Reading List

Shani, Giorgio. 2021. Towards a Hindu Rashtra: Hindutva, religion, and nationalism in India. Religion, State and Society 49(3), 264–280. https://doi.org/10.1080/09637494.2021.1947731

Kinnvall, Catarina. 2019. Populism, ontological insecurity and Hindutva: Modi and the masculinization of Indian politics. Cambridge Review of International Affairs 32(3), 283–302. https://doi.org/10.1080/09557571.2019.1588851

Wojczewski, Thorsten. 2020. Populism, Hindu Nationalism, and Foreign Policy in India: The Politics of Representing “the People”. International Studies Review 22(3): 396–422. https://doi.org/10.1093/isr/viz007 

Illustration by Ulker Design.

Techno-Populism: The Youth Electorate in Europe and the Interplay Between Social Media and Populism

As proven by a 2021 European Parliament Youth survey, which supported that people rely primarily on the web, whether this is social media or online news outlets to be informed for political and societal developments. This ultimately explains why politicians gradually turn to social media – it broadens their electoral base as they attempt to connect to younger voters but has the negative consequence of popularizing populism. 

By Konstantina Kastoriadou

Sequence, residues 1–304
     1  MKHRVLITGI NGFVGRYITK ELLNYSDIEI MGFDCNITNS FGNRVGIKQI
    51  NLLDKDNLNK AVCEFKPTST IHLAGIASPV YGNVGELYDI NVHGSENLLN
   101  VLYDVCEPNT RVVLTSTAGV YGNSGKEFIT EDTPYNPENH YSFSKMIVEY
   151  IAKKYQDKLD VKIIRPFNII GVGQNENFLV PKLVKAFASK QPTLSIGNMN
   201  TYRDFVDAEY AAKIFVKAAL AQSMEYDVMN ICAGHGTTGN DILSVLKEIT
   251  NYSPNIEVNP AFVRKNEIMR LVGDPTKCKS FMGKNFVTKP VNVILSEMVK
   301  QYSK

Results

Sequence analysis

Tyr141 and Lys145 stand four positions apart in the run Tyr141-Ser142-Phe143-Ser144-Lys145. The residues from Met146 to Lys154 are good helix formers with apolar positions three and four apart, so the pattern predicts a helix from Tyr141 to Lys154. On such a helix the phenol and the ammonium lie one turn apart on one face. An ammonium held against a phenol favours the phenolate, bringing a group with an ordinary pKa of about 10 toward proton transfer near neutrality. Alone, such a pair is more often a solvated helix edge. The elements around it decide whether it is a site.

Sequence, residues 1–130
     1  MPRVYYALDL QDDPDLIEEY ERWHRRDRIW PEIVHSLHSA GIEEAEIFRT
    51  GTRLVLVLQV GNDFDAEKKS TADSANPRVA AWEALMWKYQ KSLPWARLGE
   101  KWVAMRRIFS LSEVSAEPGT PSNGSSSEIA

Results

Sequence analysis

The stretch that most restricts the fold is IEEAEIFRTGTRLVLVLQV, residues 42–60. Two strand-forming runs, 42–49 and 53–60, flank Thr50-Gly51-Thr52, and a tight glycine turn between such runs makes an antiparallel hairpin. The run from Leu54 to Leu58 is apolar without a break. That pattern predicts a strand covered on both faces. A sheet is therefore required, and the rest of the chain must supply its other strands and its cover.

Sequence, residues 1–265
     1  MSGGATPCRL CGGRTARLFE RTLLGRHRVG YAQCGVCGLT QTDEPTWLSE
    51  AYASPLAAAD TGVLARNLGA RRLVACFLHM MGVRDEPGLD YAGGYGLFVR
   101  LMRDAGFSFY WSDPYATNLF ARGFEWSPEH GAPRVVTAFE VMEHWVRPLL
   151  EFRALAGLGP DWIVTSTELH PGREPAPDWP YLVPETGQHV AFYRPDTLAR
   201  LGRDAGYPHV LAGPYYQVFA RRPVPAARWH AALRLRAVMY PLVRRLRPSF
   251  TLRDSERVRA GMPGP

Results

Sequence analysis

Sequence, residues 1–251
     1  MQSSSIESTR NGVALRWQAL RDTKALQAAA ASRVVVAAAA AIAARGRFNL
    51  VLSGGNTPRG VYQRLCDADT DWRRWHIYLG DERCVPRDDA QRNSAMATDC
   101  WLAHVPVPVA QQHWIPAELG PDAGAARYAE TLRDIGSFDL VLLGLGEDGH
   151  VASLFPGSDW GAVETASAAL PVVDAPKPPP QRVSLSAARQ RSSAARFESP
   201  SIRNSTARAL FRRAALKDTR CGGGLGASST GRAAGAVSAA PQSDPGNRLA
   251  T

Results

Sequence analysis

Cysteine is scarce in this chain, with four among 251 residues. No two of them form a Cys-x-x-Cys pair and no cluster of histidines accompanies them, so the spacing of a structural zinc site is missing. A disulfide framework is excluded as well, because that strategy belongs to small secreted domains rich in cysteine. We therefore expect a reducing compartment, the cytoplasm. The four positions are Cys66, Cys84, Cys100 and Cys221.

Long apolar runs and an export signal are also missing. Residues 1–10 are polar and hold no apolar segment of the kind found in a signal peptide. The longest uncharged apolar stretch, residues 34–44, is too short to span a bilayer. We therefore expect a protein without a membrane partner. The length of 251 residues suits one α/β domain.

Social media has become integral to our lives, profoundly influencing our political landscape. While its pervasive presence is undeniable, there is often little analysis of how it shapes electoral campaigns, which are increasingly prevalent across Europe. Political advertisements and activities are widely disseminated on social media platforms, subtly and overtly shaping public opinion. This article delves into the complex interplay between contemporary politics and social media, drawing inspiration from Bickerton and Invernizzi Accetti’s (2021) work, Techno-populism — The New Logic of Democratic Politics. It explores how this dynamic interaction (sub)consciously affects our political preferences and contributes to rising populist parties and figures globally. 

Almost 400 million people all over Europe were eligible to vote in the 2024 European Elections. Several parties across Europe have tried their best to engage longtime supporters and attract new ones, securing their votes either way, under the light of the pressuring events that have surrounded Europe for the last two years.  However, the most complex war is fought during the pre-electoral period on social media platforms, where parties, party leaders and candidates try to engage the most difficult-to-convince audience – the youth. For years, the younger generations proved challenging to engage with as it was widely believed that they abstained from politics, yet some researchers claim this was never the case. More specifically, they support the idea that the youth has always been politically engaged. Still, this engagement is taking many forms, with one notable case being social media (Del Monte, 2023: 3). According to Flew and Iosifidis (2020), the internet allows social, political or cultural movements to form alliances and communities internationally (For example, BLM, and the equal rights movement), as people now exchange opinions and experiences with other people from across the globe which helps shape opinions about situations and problems that appear in different parts of the world.